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Your last minute year-end tax tips

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There are only a couple of days to go until the end of the tax year. Is your financial house in order?

If you haven’t put the necessary time into financial planning so far, there is still enough time to make use of products out there that could help you get the most out of your savings and investments as well as keeping as much of it away as possible from the hands of the taxman.

Here we have a few of the things that you ought to consider as soon as possible. Even a few hours spent researching into products and getting your financial house in order could potentially save you thousands of pounds over the next tax year and beyond.

Ensure each spouse uses their full personal allowance for income tax purposes where possible. Annual income of less than currently £8,105 is not liable to tax. You should consider the possible transfer of income producing assets to ensure that Personal Allowances are not wasted.

Don’t forget that your children are also entitled to a personal allowance and you should look to make full use of these. Junior Individual Savings Accounts (JISAs) are a great away to squirrel away funds for your children’s future.

Pension contributions of up to £3,600 gross per year can be made by individuals with no taxable income. The net contribution after tax relief contributed at source by the UK Government would be just £2,880.

Bed and Sipp – Use existing investments to make a pension contribution. Even if you don’t have cash available to invest in a pension, you can potentially use other investments.

Take this example from Fidelity: Peter has some shares which he bought 10 years ago for £10,000. Today they are worth £15,000. He sells the shares, realising a gain of £5,000, which falls within his Capital Gains Tax allowance of £10,600. He invests the proceeds in his pension and immediately repurchases the share portfolio within his SIPP.

As well as having now sheltered his investment within a pension for tax purposes, he also benefits from immediate tax relief of £3,750 which is added to his pension. If he is a higher rate taxpayer Peter can claim a further £3,750 after the end of the tax year.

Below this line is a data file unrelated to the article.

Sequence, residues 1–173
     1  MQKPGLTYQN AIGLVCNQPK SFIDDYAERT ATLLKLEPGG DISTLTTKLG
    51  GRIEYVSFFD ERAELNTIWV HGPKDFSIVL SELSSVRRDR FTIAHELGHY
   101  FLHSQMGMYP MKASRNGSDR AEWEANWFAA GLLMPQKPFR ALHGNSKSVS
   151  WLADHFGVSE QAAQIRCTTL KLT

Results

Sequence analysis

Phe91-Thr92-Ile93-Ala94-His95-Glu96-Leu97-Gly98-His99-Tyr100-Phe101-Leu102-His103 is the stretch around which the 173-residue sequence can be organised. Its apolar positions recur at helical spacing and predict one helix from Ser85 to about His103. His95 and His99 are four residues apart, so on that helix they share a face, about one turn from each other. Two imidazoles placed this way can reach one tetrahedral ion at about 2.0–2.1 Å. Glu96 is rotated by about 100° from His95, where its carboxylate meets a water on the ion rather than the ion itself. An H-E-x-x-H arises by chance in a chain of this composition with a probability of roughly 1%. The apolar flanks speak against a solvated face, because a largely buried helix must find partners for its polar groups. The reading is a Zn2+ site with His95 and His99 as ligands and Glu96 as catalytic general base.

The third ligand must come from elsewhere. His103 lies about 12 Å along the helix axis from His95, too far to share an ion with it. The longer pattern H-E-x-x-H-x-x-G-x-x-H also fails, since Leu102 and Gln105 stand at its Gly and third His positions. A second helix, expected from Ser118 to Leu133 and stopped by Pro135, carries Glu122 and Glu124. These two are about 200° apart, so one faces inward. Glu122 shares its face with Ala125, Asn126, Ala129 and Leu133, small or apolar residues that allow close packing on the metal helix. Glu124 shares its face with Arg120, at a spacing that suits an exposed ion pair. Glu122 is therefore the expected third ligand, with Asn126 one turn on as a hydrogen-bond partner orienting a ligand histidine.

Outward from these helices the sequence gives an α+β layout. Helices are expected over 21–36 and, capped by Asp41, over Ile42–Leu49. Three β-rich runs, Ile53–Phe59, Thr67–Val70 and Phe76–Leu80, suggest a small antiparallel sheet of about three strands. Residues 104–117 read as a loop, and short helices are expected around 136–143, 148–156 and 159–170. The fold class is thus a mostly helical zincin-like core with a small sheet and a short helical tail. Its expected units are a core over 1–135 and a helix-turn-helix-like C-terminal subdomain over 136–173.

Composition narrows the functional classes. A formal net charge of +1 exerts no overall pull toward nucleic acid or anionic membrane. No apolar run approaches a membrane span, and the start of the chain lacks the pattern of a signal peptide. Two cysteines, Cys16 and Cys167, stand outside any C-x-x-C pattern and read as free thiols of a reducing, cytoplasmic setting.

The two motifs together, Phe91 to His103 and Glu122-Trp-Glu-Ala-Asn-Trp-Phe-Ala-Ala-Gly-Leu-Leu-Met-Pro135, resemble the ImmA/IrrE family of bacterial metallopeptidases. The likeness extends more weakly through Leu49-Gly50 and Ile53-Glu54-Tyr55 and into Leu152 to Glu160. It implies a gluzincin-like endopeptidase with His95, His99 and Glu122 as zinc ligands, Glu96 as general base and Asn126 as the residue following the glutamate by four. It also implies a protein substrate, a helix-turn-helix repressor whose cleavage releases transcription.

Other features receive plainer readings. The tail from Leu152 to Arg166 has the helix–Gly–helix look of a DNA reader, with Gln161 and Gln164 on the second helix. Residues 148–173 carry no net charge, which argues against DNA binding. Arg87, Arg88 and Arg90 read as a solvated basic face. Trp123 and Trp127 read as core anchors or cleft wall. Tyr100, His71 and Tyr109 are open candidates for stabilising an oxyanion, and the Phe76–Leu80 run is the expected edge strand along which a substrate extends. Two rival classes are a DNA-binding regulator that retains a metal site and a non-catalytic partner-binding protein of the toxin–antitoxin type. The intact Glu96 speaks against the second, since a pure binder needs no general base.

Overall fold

At the other end of the scale, the annual allowance (AA) for making tax-relievable pension contributions reduces to £45,000 from £50,000 on 6 April 2013, so consideration should be made to utilising the full £50,000 AA for 2012-13 by 5 April 2013.

You can also carry forward unused AAs from the previous three tax years, so it’s possible to receive tax relief for this tax year on contributions well in excess of £50,000. For more information on how to effectively pension plan click here.

The use of tax-favourable investments such as Individual Savings Accounts (ISAs), Enterprise Investment Schemes (EIS) and Venture Capital Trusts (VCT) should be utilised to make the most out of tax relief available. ISAs are a great first stop for most savers and should not be wasted. Up to £11,280 per person could be invested in a stocks and shares ISA for the 2012-13 year.

Timing of income – taxable incomes may fluctuate from year to year as a result of one-off payments or changes in circumstances.

You should consider the benefits of receiving earlier or later certain incomes to strategically plan the best tax outcome for your income. For example – deferring dividend payments could prove favourable if you have already hit your allowance for capital gains tax this year.

Conversely, the top rate of UK income tax reduces to 45% from 50% on 6 April 2013 so deferral of income such as employment bonuses to after 5 April may well save tax, but you need to make sure that the deferral is done properly to avoid mistakes and falling into an earlier tax year bracket.

Capital gains tax – don’t forget that you can also use the tax-free annual exemption, which is currently £10,600. Each couple is entitled to the exemption each year so gifts between partners prior to sales of assets is tax-effective.

Also note that it may pay to crystallise capital losses where gains in excess of the annual exemption have been made. The deferral of sales until after 5 April may see tax paid at lower rates and provide significant cash-flow benefits in terms of when tax needs to be paid.

Plan ahead for flexible drawdown: you’re not allowed to make any pension contributions in the same tax year in which you start flexible drawdown.

So anyone planning on using flexible drawdown may want to top up their pension with any final contributions before 6 April – any contributions after that date could mean having to wait up to another 12 months before getting full access to their pension funds.

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